ENG United States

The US 2020 Presidential Election (1/3): The Social & Racial Issue

The 2020 US presidential election will probably be remembered as one of the most tense electoral contests in the nation’s history. Not only because it happens amid a global pandemic to which Americans paid a heavy human and material price. Political and social polarization is arguably at its highest level in the Land of the Free. There are many topics that deserve attention but we will focus on three main issues: Social and racial justice, Climate Change and the US-China relationship.  In this first post, we will discuss the social and racial justice issue.  

Let’s start with the social/racial justice debate. There as been innumerable studies showing the widening income inequalities between the top and the bottom of the American social scale. The idea of the American Dream – that you can move yourself from rags to riches and that your children will most likely have a better social condition than you – which has hold together the United States since the Post-war period has gradually been fractured over the last thirty years. Ironically, it took three French economists (Thomas Piketty, Gabriel Zucman and Emmanuel Saez) who achieved most of their academic credentials in America to bring the debate about income and wealth inequalities in the US to the centre stage. The Great Financial Crisis of 2008 was a moment of reckoning and brought widespread recognition to the trio and even Rock star popularity to Thomas Piketty following the publication of his Capital in the XXIth century. Others contend their results. A lot of questions about inequality actually come down to seemingly technical details.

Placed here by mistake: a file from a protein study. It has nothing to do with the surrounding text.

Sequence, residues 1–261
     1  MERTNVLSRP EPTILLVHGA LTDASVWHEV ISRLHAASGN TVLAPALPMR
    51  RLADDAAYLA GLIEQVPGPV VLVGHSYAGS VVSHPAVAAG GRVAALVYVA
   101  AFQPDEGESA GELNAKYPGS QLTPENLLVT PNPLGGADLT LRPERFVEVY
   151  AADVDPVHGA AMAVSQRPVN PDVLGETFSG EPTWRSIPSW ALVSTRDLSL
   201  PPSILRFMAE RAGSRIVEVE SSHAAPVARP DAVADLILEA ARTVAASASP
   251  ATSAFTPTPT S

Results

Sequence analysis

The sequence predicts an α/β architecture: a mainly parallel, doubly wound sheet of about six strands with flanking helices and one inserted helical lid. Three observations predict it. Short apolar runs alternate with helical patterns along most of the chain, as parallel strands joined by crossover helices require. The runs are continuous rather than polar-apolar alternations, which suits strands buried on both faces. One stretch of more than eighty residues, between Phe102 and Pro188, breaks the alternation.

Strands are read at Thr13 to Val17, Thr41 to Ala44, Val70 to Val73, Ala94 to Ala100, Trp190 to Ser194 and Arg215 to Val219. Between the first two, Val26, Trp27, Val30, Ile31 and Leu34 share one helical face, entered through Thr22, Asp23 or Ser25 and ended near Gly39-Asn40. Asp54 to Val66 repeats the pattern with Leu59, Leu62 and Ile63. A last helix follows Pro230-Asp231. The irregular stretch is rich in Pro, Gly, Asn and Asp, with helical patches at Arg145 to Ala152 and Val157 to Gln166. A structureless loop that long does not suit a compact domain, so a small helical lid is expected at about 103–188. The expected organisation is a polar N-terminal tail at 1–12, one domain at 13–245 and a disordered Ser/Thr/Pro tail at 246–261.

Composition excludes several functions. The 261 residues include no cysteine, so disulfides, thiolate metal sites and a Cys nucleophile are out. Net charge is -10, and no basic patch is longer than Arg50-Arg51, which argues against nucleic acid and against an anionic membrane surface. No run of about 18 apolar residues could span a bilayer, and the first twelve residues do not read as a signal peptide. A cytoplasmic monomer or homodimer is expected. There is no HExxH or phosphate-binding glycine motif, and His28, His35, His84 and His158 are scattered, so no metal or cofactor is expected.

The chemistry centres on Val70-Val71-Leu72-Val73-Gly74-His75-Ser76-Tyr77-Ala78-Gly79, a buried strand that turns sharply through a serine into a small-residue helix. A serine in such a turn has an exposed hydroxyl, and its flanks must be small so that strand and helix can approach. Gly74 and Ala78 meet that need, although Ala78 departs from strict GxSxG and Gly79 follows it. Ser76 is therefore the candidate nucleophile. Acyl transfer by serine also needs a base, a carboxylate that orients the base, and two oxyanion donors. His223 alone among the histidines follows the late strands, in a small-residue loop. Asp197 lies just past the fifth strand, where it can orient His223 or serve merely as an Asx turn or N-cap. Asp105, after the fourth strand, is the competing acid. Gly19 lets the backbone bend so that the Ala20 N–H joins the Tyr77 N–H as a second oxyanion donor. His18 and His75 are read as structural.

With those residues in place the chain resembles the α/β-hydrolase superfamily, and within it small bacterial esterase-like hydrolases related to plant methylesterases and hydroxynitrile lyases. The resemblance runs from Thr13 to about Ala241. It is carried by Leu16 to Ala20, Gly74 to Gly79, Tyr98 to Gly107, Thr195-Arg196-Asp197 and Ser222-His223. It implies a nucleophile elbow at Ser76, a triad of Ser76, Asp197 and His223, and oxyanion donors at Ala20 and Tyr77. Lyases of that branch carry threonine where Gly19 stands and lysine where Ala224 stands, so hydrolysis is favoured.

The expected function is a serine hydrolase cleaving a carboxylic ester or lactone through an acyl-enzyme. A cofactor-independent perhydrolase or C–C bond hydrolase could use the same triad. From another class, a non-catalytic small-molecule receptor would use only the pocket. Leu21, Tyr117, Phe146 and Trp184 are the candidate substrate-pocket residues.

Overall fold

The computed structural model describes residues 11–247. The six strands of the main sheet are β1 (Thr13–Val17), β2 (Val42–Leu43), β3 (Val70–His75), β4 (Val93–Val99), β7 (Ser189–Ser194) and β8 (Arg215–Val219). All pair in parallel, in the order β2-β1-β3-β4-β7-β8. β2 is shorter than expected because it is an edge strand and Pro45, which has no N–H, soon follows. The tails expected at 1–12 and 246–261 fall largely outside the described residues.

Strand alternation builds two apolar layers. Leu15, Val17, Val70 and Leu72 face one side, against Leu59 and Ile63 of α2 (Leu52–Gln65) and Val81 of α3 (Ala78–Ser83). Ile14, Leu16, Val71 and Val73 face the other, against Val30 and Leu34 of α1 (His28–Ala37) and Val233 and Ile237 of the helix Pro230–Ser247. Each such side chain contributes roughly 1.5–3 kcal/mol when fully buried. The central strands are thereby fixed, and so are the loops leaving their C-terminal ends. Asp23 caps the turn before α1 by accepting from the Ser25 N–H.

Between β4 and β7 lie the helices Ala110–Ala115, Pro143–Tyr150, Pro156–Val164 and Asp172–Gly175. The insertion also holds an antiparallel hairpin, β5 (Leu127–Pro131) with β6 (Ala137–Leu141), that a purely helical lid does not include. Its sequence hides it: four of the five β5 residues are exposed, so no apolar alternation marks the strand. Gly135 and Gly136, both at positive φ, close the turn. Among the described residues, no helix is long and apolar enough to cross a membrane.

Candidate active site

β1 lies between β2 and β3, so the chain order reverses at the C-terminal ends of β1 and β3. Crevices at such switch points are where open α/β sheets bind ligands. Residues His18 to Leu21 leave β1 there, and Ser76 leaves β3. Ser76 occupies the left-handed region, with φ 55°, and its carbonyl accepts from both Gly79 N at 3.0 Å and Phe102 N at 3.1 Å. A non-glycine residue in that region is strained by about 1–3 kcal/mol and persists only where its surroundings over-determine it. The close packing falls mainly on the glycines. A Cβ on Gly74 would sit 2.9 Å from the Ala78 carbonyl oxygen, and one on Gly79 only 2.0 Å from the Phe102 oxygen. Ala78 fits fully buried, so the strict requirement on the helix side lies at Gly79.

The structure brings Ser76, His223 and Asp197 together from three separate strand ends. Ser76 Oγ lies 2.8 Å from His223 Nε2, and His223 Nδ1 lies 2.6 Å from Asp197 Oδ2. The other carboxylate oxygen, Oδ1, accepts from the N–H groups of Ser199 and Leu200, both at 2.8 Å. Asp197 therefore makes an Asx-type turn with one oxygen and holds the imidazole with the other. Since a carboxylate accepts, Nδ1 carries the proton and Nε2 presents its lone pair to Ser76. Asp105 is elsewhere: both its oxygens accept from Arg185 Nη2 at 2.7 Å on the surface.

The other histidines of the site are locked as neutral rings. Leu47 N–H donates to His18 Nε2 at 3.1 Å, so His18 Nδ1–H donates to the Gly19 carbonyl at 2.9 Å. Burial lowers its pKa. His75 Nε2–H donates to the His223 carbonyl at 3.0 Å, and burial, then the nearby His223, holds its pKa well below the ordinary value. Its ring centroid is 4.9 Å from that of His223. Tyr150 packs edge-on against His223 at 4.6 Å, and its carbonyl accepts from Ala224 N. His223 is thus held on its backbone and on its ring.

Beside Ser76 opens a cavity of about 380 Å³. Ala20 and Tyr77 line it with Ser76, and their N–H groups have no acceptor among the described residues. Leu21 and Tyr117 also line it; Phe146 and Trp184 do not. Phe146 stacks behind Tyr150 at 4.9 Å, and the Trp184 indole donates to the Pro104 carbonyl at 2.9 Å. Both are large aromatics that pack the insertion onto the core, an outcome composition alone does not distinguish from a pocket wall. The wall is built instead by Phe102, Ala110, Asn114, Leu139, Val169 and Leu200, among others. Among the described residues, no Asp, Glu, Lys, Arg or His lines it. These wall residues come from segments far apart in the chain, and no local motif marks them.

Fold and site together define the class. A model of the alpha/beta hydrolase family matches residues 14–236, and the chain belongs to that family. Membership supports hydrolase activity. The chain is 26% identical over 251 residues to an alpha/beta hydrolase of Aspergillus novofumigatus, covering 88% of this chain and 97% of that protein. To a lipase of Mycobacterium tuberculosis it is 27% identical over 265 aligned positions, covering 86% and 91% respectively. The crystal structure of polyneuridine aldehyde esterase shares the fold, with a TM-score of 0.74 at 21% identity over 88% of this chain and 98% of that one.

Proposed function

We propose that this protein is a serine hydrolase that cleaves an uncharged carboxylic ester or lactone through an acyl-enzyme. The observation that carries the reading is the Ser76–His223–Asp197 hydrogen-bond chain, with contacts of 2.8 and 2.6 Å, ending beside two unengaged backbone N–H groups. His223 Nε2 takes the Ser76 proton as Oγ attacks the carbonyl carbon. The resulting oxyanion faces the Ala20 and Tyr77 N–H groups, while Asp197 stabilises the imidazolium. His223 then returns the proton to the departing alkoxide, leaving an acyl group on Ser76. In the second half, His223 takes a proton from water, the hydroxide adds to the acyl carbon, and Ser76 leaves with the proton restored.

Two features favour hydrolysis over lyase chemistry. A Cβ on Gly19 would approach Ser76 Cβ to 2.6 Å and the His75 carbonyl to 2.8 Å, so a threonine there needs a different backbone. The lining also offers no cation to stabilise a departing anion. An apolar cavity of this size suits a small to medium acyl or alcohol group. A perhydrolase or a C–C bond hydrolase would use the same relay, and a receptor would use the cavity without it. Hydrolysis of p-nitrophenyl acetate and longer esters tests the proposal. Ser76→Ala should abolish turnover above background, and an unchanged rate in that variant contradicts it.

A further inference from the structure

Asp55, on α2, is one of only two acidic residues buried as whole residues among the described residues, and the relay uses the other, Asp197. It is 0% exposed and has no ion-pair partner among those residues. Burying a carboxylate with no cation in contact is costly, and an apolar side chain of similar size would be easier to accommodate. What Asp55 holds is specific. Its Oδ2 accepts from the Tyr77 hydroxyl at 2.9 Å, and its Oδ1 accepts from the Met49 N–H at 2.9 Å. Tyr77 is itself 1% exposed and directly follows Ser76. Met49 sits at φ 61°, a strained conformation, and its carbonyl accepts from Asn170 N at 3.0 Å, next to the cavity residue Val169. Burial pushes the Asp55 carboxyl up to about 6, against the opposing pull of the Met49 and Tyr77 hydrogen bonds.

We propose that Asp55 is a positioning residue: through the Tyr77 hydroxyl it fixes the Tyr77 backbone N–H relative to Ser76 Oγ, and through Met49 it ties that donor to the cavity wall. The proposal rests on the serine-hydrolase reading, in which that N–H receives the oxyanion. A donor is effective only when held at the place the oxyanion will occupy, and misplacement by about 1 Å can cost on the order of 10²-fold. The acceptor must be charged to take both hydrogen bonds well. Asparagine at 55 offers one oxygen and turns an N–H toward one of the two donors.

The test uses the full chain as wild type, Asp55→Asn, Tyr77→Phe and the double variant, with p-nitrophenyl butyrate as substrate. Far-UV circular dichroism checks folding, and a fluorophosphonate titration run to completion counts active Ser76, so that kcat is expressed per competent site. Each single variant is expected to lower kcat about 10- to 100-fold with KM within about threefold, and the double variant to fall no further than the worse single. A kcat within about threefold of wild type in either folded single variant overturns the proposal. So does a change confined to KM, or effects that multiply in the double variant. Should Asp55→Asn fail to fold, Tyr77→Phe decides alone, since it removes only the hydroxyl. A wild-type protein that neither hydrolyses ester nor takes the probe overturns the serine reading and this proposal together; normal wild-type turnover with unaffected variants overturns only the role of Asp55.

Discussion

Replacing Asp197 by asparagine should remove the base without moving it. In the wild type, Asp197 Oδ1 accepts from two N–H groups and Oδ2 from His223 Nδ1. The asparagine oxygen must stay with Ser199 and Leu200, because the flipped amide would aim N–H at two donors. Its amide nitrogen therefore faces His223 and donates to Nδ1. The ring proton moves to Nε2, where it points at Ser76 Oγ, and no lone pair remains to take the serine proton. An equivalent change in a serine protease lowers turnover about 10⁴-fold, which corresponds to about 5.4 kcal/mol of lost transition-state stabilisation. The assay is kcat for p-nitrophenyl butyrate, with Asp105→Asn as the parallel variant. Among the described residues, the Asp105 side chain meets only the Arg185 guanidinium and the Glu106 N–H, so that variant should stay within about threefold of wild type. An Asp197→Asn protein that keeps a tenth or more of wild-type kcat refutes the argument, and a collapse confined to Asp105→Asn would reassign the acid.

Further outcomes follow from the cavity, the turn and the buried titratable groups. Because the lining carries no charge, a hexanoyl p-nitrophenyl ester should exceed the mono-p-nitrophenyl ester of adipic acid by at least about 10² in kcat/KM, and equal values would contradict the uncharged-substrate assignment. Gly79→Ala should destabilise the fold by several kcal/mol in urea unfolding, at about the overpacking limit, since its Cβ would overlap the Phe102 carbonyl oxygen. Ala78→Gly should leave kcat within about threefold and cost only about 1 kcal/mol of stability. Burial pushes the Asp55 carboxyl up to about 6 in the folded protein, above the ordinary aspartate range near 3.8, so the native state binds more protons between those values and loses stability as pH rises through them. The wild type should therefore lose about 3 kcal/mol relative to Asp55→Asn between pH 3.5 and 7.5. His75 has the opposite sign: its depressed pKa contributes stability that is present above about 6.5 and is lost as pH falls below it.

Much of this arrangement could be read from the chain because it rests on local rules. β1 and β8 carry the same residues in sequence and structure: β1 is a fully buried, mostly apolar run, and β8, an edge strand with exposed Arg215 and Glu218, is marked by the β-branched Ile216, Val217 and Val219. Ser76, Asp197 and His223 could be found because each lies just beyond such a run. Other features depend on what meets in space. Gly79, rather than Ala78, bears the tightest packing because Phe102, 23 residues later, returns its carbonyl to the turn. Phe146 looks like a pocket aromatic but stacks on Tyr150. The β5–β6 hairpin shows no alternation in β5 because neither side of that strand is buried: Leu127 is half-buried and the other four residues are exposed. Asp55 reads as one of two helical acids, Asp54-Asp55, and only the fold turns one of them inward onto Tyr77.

Source: Piketty T., Saez E., Zucman G., Distributional National Account, Quarterly Journal of Economics (2018)